May 272013

The constant controversy in martial arts always comes down to a childish shouting match between marital arts masters and survivalists over who’s style is better or more realistic in real life. The more Combat Sport oriented martial artists will eventually offer to simply fight anyone to prove their point, the Reality based martial artist will point out that staging a fight where both parties know they are fighting and the circumstances in which it will take place invalidates the any true correlation to a real fight, and the Traditional martial artist will point out that their way has worked for hundreds of years, and therefore doesn’t need any more testing.

However one thing that we can all agree on, is that when you are truly fighting for you life, having a weapon trumps fighting empty handed every time.

More after the jump

Some people will therefore advocate carrying of things like mace or a tazer. Those people will be scoffed at by the concealed hand gun folks, who are dismissed by the Sara Conner’s (from Terminator) who have arsenals of full auto weapons and explosives. As crazy as this kind of exchanges is, they all do have their points. The better and more powerful a weapon you have, the greater the chance of surviving a given situation. However choosing a self defense weapon normally has less to do with what weapon would be the best choice for the event in question, but rather what weapons do you have, and which ones are you willing and legally allowed to carry with you.

Enter improvised weapons. Because they are improvised, they are not by normal definition a weapon until you use them as such. Therefore you may have less legal problems when you carry them. Often times you can use what is around you as a weapon. The problem is that not all objects make good weapons. A weapon must make you more dangerous then you were empty handed. To make selection easier, I offer my easy guide to improvised weapons

3. Objects that can cut.

A knife would do much better, but for the sake of this example, we don’t have a knife, so we need to identify ordinary objects that can be used to make an edged weapon. People don’t like being cut, and tend to distance themselves from sharp things. Cut the right thing deeply enough and people don’t fight as well as before. The classic choice are bottles, they can be used as a club for a while and after the bottle breaks, they make a deadly weapon. Of course, any piece of glass can serve, although they work best if you have something to wrap around it to keep yourself from being cut as well. Other object that work fairly well are CDs and CD cases (after they are broken).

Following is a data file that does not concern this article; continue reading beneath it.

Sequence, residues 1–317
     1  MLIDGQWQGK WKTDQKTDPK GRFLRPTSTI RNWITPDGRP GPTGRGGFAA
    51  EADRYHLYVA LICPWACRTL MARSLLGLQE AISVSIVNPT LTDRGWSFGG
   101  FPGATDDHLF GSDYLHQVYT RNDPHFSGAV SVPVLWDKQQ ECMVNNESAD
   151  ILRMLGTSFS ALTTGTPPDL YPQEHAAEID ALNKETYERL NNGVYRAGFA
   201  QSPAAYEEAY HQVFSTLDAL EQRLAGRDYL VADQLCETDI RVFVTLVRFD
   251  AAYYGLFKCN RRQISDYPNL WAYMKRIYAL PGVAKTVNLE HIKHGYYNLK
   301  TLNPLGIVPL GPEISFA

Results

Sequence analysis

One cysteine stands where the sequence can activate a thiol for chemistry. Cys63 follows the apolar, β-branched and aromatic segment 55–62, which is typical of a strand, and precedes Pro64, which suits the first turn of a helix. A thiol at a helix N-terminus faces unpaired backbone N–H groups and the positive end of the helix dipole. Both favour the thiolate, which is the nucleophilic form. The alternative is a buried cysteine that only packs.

2 Objects for smashing.

First thing I think of is a brick or a stone. Its unwieldy to use in combat, but it increases the stopping power of your strikes, and can quickly finish. It also might keep you from breaking your hands. Of course it isn’t limited to rocks. Any heavy hard object that you can swing one handed is nice. Big staplers, lamps,¬†wrenches, cutting boards, external hard drives, they are work decently. Two handed objects work well too, but be careful of trying to use something too heavy to be dangerous. I like chairs because they provide a certain measure of blocking utility, but printers, drawers, laptops work nicely in a pinch.

1. Objects for stabbing

Of all classes of improvised weapons, this is the most dangerous. Its also one of the easiest to find and carry. My personal favorite is the pen. Its pointy and legal to carry nearly everywhere. They even have clips on them to easily attach to your clothes. A knife or a pen do similar amounts of damage to soft tissue, and no one freaks out when they see you with a pen in your hand. Other great examples are needle nosed pliers, screwdrivers, forks, and spoons (use the handle side).

Of you have a rough idea of things you might be forced to use in a fight, you can gear your training towards techniques that can be used with these three classes of improvised weapons in mind, you’ll never have to worry about being truly unarmed.

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